Glasgow Daily Times, Glasgow, KY


July 6, 2012

Ky.’s elected officials ignore issues of mining practice

FRANKFORT — Last week I wrote about the beauty of eastern Kentucky and the warmth and wisdom of its people.

Well, that’s part of the picture, but it’s not the complete picture.

I said I am mesmerized by the paradoxes of eastern Kentucky but mystified might be a better word. In the midst of awesome beauty is grotesque ugliness: horribly scarred landscapes; toxic water a color I’ve never seen except maybe in satellite photos of Mars; and plain evidence the people we elect to make our lives better or employ to protect our health and environment just don’t seem to care.

I’m talking about surface mining. Standing on one of those sites, it’s difficult to understand the scale of destruction. You can drive through lush forests below without ever confronting the horror 500 feet above. Only from the air, can you understand how much land is destroyed, how violent the process is, how nothing will ever be the same.

Defenders of mountaintop removal say that land can be reclaimed for a “greater use:” shopping malls, airports or hospitals. A few sites have been. But they are a tiny proportion of the destruction. Most are covered with hydro-seed grass. Scuff your shoe against it and very often it hits rock beneath maybe an inch of soil. Hard to imagine a tree growing there.

Some like Kentucky’s U.S. Sen. Rand Paul defend the practice as a property right. But what about the property rights of those who live below or downstream, like Ricky Handshoe in Floyd County? His family has lived on the same land for 200 years. They once had some of the purest water anywhere from wells and streams on that property. That was before the well water became so contaminated by methane that Handshoe could strike a match underneath a kitchen tap and produce a flame. A state inspector told him it was safe to drink but advised him it might not be wise to smoke in the house. Two creeks have been destroyed and the mountain behind his house is seeping toxic water – he lives in fear it’ll soon come down on him.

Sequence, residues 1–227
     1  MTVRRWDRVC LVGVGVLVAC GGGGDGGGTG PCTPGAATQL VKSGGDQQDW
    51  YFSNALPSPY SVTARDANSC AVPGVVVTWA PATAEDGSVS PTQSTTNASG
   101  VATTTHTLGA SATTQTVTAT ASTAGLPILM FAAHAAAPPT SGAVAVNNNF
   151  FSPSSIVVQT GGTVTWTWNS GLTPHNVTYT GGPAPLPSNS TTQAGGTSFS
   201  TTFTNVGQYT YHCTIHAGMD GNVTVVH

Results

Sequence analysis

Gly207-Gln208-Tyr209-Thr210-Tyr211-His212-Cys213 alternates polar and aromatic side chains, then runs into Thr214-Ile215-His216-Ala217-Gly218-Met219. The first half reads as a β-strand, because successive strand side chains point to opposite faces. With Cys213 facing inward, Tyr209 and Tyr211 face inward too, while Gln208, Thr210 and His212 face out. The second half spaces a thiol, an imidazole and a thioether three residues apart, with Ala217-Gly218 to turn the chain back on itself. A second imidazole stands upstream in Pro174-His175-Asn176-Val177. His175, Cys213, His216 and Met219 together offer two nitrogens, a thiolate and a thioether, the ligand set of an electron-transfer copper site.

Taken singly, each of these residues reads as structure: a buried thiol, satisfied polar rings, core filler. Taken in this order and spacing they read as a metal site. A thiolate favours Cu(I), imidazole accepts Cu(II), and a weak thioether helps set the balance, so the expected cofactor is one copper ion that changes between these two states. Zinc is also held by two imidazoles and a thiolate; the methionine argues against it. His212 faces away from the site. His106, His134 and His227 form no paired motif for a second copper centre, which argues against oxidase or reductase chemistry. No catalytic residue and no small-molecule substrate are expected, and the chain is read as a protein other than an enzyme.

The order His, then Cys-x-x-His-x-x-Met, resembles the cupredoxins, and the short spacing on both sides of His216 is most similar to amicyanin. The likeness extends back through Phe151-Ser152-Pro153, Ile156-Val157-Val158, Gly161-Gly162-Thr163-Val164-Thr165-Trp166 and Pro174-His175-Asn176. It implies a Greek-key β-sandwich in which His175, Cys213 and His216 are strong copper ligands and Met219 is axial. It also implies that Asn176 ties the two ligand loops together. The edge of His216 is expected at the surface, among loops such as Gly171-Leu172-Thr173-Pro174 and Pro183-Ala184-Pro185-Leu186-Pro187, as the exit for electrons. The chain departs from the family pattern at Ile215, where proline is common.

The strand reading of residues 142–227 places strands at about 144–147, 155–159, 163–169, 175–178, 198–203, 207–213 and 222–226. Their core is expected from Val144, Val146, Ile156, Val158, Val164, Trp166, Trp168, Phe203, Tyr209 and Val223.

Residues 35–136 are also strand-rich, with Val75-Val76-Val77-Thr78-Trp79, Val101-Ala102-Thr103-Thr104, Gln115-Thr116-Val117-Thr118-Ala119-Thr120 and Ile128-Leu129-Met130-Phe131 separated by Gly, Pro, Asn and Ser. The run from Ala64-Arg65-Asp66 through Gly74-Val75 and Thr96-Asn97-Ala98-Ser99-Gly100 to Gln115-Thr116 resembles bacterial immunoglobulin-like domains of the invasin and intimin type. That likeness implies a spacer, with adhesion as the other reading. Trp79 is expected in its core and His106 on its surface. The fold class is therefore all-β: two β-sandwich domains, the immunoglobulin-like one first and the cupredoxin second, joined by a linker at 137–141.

Surface mining can destroy community, too. Neighbors resent neighbors as one depends on a mining job to feed his family while the other must choose to stay and risk poisoning his family or move from the land that defines him and his people. (Two university studies indicate the highest rates of birth defects and cancer occur in central Appalachia where mountaintop removal is prevalent.)

Some claim critics are “outsiders” or “hippies.” But those I’ve met have names like Handshoe, Shoupe, Hurt, Blanton or Combs and have lived all their lives in eastern Kentucky. Some are retired underground miners. Truman Hurt of Vicco, a pastor and retired, disabled miner, says: “I’m not against coal. I’m against this kind of coal mining.”

Some blame mining companies. Mining companies are doing what most corporations do. Their purpose is to make money and most will push the law just as far as they’re allowed.  It’s hard to blame their employees for wanting better lives for their families, which mining wages can provide.

What I cannot understand is the callous indifference of those we elect or pay to protect us. I’d urge them to listen to Robert Byrd and Jay Rockefeller, West Virginia senators who long defended coal — until they neared the end of their lives and then urged the coal industry to reform.

I wonder if they weren’t thinking about a final accounting or the ultimate judgment of history. And I wonder why Kentucky’s political leaders don’t.

Ronnie Ellis writes for CNHI News Service and is based in Frankfort. Reach him at Follow CNHI News Service stories on Twitter

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